How You Look is Not a Measure for How You Feel

Human beings are visual creatures, so we often associate how someone feels based on how they look and act. Sadly, this is very short sighted. Many people live with life altering conditions such as chronic pain, dystonia, cancer, multiple sclerosis, diabetes, etc., with no visible symptoms at all to the naked eye. We also can’t see anxiety, depression, dementia, PTSD, etc., which can be be crippling, so we should never base any conclusions about how someone feels on their appearance.

For many years, I lived with very visible symptoms of cervical dystonia and intense chronic pain where I could barely function, as well as morbid obesity. I also dealt with debilitating anxiety and depression. After losing 150 pounds and learning to better manage my dystonia and chronic pain symptoms, I look “normal,” so most people wrongfully think I am cured.

In actuality, I still live with pain and muscle contractions, awkward postures from muscles involuntarily pulling me off center, fatigue, etc. It is just not as visible as it used to be, but that doesn’t mean I don’t feel like someone is strangling me most of the time and my muscle contractions make me want to fall on the floor. Unfortunately, people can’t see it, so people often don’t believe it.

This is the case for many people who are living with chronic health conditions. Many symptoms are completely invisible. Granted, dystonia is one that is often visible, but I know countless people with dystonia who have brutal symptoms that do not manifest physically. As a result, it is hard to diagnose and it is hard for people to believe them when they explain how they feel. People think it is all in our head, we are lazy, looking for attention, and so many other thoughtless judgments.

Sadly though, we all judge and compare. We do it with relationships, financial status, social life, possessions, and countless other things. Some people even compare their health with others. I used to compare my dystonia (and most of my life for that matter) with people all the time.

When I was experiencing the worst of my dystonia symptoms, in my mind, if someone didn’t look as bad as me then there was no way they could feel as bad as me. How wrong I was and shame on me! Appearance means nothing. I know people with very difficult looking symptoms that have little to no pain and are very functional, others with no visible symptoms and in terrible pain, unable to do much of anything, and of course many people in between. How someone looks is not a measure for how someone feels.

When times were really tough for me, it was hard to reconcile hearing people say things like, “I can’t take it anymore”; “I wish I were never born”; “The pain is more than I can handle.” When I said these things it was usually just a way of describing to others how sick I felt, but there were plenty of times I really felt this way.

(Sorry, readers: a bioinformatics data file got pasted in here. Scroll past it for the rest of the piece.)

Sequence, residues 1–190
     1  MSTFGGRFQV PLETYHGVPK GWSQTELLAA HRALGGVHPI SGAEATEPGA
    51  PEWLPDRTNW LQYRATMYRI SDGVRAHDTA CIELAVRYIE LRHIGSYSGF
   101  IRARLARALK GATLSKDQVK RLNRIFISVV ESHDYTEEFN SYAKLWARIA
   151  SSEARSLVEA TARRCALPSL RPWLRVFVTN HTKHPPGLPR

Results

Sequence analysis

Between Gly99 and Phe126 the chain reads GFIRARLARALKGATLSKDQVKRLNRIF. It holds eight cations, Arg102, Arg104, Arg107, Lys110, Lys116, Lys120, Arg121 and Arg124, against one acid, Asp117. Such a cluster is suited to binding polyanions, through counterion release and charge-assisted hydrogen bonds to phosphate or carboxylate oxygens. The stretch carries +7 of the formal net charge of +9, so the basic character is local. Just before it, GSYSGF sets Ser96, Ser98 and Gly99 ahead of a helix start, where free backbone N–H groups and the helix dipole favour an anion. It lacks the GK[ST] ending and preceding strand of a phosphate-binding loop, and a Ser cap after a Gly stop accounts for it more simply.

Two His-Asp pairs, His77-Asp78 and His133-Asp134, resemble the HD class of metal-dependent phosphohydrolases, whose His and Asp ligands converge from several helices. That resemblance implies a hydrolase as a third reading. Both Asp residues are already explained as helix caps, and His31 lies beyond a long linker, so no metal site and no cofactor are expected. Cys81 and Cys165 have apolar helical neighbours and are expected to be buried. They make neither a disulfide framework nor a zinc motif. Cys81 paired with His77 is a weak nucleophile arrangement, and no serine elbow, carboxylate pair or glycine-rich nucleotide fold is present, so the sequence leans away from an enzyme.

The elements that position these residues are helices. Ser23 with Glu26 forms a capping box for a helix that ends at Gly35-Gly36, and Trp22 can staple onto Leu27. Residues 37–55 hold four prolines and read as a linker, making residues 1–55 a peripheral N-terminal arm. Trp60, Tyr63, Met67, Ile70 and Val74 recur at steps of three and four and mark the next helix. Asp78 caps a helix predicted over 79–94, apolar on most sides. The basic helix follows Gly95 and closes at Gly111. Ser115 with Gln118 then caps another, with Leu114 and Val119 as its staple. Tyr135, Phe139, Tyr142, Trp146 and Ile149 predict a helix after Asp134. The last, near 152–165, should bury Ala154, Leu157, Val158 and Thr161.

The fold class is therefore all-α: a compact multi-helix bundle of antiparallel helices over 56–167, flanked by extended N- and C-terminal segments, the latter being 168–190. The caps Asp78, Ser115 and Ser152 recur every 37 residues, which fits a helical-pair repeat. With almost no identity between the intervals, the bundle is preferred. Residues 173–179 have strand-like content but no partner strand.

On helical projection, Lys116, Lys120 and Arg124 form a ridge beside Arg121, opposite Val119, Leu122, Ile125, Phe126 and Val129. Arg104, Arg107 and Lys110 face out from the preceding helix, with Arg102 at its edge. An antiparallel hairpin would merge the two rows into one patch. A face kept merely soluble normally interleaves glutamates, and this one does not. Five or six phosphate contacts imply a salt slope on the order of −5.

When I heard others use these same words while they were still working, traveling, running, hiking, playing tennis and golf, etc., going to social functions, and living what appeared to be a pretty normal life, while I was literally living on my floor because I was in too much pain to sit or stand, I was infuriated. For years, just walking to the bathroom from bed was a major undertaking. I couldn’t fathom doing all the other things.

It took me a long time to realize that I was being unfair because we only know what we know. Our reality is unique to us, so for a person who we perceive as having “mild” symptoms, it might be far worse than we think and/or to them it might be the worst thing they ever experienced.

People also have different pain thresholds, attitudes, and coping skills. Thus, their words ring true for them. They can describe themselves however they want and be involved in whatever activities they choose. We are not in their shoes so we don’t know what they are experiencing. Quite frankly, it is none of our business.

Just because someone else, whether they have a limiting health condition or not, might be able to do things you can’t or find uncomfortable does not make you any less of a person. There may be things you can do with ease where others struggle. Either way, it doesn’t matter. You have many great qualities and everyone in your life should focus on the strengths that exist and the accomplishments YOU achieve every day. Our time is better spent doing all we can to feel as well as we can, instead of comparing ourselves with others and trying to understand and figure out someone else’s life.

Tom Seaman

Tom Seaman

Tom Seaman is a Certified Professional Life Coach in the area of health and wellness, and author of 2 books: Diagnosis Dystonia: Navigating the Journey and Beyond Pain and Suffering: Adapting to Adversity and Life Challenges. He is also a motivational speaker, chronic pain and dystonia awareness advocate, health blogger, volunteer for the Dystonia Medical Research Foundation (DMRF) as a support group leader, and is a member and writer for Chronic Illness Bloggers Network.To learn more about Tom, get a copy of his books (also on Amazon), or schedule a free life coaching consult, visit Follow him on Twitter @Dystoniabook1 and Instagram.

Share this post

Share on facebook
Share on google
Share on twitter
Share on linkedin
Share on pinterest
Share on print
Share on email